Nasrallah warned him American news media was fixating on him and posting his photograph, saying: ‘This was media and political preparation for his assassination.’
He said Soleimani laughed and said he hoped to die a a martyr and asked Nasrallah to pray that he would.
That same day across the world at the CIA headquarters in Langley, Virginia officials reported a ‘mosaic effect’ – scraps of information that together indicated Soleimani was mobilizing and organizing proxy forces in Lebanon, Yemen and Iraq to attack American embassies and bases.
Though there wasn’t concrete evidence of an imminent threat, there was a concerning pattern.
Tracking General Qassem Soleimani
The US considered targeting General Qassem Soleimani, 62, for the past 18 months
In May then national security adviser John R Bolton asked military and intelligence agencies for options to end Iranian aggression. One option was to kill General Soleimani and his surveillance intensified.
In September the US Central Command and Joint Special Operations Command were included to plan a possible operation, targeting the general in either Syria or Iraq
Agents were recruited in seven different groups in the Middle East to track his movements
On December 31 a top secret memo circulates among US defense officials listing out potential targets including Soleimani
Trump chooses to target Soleimani
On January 1, 2020 Soleimani flies to Damascus and heads to Lebanon to meet with Hezbollah leader Hassan Nasrallah
On January 3 he flies from Damascus to Baghdad, Iraq and is struck by US drones while driving away from airport
CIA officials determined that the consequences of not striking Soleimani would outweigh waiting around.
Trump agreed with the option to target Soleimani and there was overall agreement among his senior advisers. However, some officials with the Pentagon were shocked that the president chose the most extreme option.
In the end they struck him on January 3 after he disembarked of Cham Wings Airlines Flight 6Q501 that took off from Damascus and landed in Baghdad.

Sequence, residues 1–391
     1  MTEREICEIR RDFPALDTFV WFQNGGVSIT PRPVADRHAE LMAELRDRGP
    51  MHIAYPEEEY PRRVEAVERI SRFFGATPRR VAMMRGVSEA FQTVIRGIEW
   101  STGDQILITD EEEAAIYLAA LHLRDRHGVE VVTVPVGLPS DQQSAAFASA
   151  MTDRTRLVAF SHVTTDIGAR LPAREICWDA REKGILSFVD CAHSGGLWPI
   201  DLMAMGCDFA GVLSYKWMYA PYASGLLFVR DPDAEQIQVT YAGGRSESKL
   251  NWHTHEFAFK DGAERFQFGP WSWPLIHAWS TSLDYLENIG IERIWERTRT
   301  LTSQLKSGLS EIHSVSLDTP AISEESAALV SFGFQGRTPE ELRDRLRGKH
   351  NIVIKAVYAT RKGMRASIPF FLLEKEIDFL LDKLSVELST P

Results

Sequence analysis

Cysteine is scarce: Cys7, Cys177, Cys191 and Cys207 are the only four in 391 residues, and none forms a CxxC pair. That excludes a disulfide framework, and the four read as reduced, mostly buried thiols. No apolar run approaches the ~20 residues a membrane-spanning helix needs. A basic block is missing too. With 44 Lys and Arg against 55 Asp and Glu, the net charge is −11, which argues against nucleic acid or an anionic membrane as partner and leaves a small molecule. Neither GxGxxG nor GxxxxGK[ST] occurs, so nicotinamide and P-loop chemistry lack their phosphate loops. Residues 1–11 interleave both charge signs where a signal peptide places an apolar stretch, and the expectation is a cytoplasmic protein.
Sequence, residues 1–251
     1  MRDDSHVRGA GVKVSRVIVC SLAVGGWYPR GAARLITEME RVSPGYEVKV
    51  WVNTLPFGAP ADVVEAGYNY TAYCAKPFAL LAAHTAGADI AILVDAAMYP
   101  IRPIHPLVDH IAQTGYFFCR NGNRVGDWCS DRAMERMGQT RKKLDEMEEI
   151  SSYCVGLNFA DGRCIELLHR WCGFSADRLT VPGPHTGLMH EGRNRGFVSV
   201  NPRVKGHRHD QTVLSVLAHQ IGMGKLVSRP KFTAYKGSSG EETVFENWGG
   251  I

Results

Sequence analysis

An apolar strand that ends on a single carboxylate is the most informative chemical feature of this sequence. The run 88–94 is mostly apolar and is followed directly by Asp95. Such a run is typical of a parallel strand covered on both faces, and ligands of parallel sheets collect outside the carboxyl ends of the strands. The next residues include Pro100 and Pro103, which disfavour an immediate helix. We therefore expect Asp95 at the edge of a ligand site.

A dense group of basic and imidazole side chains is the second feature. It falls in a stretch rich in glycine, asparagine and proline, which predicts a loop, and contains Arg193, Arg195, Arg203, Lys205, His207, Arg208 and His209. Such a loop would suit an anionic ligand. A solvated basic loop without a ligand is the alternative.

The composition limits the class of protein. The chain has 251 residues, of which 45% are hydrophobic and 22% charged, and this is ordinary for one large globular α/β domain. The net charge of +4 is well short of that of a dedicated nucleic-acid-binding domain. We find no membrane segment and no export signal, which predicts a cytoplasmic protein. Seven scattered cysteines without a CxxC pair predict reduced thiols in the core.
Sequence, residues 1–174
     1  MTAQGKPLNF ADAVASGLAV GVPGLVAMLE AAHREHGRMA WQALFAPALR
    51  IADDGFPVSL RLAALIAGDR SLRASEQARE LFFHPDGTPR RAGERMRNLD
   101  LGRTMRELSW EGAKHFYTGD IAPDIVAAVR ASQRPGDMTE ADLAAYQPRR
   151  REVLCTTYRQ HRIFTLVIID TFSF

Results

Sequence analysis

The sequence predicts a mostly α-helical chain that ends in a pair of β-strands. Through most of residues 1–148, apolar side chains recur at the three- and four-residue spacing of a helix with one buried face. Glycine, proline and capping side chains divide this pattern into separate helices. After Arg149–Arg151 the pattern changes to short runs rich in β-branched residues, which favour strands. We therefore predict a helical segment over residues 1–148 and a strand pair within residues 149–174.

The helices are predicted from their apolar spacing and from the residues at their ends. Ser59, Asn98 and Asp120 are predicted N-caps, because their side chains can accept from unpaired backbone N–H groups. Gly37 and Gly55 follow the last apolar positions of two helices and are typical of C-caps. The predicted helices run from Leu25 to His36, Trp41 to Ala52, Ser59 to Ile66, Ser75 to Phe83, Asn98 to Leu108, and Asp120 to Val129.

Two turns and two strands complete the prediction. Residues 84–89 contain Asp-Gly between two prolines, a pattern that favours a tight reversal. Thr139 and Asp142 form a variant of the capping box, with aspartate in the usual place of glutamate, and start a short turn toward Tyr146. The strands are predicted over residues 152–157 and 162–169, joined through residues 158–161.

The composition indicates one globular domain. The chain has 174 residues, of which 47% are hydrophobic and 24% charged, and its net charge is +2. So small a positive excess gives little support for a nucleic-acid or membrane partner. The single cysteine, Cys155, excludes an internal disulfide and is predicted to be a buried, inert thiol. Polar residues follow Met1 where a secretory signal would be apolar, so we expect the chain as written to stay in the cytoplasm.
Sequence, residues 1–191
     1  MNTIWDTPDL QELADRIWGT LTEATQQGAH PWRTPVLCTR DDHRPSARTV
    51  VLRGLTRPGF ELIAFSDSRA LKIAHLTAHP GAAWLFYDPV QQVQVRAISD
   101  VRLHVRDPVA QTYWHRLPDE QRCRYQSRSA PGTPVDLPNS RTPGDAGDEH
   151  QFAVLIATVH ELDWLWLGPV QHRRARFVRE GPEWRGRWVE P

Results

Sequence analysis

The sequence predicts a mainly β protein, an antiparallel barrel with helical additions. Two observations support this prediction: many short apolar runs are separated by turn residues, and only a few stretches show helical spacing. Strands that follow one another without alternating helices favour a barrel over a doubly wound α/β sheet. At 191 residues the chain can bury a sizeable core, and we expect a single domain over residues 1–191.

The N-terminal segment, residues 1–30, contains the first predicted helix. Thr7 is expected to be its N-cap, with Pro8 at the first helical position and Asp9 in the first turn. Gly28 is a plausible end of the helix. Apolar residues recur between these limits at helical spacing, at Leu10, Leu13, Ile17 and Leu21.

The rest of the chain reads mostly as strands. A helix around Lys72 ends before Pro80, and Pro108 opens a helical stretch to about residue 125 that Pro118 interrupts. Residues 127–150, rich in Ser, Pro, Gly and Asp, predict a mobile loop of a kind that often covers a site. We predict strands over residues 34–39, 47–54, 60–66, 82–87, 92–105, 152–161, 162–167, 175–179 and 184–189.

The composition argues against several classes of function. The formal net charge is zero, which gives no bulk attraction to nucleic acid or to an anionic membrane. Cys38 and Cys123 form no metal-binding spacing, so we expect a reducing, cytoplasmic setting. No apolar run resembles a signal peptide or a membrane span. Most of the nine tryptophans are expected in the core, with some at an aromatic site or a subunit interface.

The plane landed at 12.36am and Soleimani disembarked with his entourage first. He was joined by Abu Mahdi al-Muhandis, the leader of several militia groups tied to Iran. In two cars they drove away from the airport while followed by American MQ-9 Reaper drones.
At 12.47pm several missiles fired into the vehicles, sending them up in flames and leaving 10 burnt bodies in their wake.
It’s not precisely clear why he was in Iraq. Some theories say he was there as a part of an attack plot. Others say he was there to reduce tensions between Iran and Saudi Arabia.
In the attack 10 people were killed: Soleimani, Abu Mahdi al-Muhandis who helped found Kataib Hezbollah, and their aides.
However that same night American forces tried to target another general in Yemen, but failed. The US targeted Abdul Reza Shahlai, the Quds Force commander, but failed due to an undisclosed problem with intelligence.
In the aftermath of the attack, while Trump announced the strike with triumph, the rest of the world raced to ease tensions with Iran.
The French and Japanese offered to serve as mediators between the countries – which only annoyed President Trump who reportedly dislikes middle men.
A senior German diplomat sent a text to his Iranian counterpart urging the country to remain calm.
Iranian Revolution supreme leader Ali Khamenei (center) and President Hassan Rouhani (2nd from L) pictured at the funeral of General Qassem Soleimani
President Emmanuel Macron of France reached out to the US and Iran.
‘Macron’s specificity is that he does not approve, but he also does not condemn,’ Michel Duclos, a former French ambassador to Syria said.
Switzerland played a key role in keeping the peace, continuing its role as intermediary between US and Iran since they broke off diplomatic relations in 1980.
Swiss ambassador in Tehran Markus Leitner visited the Iranian Foreign ministry twice, according to a Swiss analyst.
The Americans sent a letter to the Iranians through the Swiss warning that retaliation for the drone strike would trigger further military action by Trump.
Leitner returned to the Foreign Ministry at the end of the day to get the Iranian response.
All the while, Trump had agreed for the US to target other sites that were originally considered in the line of attack against Iran including the oil and gas facility and the command-in-control ship for further retaliation in case Iran responded to the drone strike. Furthermore the US developed plans to conduct a cyber attack to partly disable Iran’s oil and gas sector.
Trump sparked fury when he tweeted he had a list of Iranian targets including culturally important ones. One official said none of the targets were actually cultural.
Mail Online ›January 12, 2020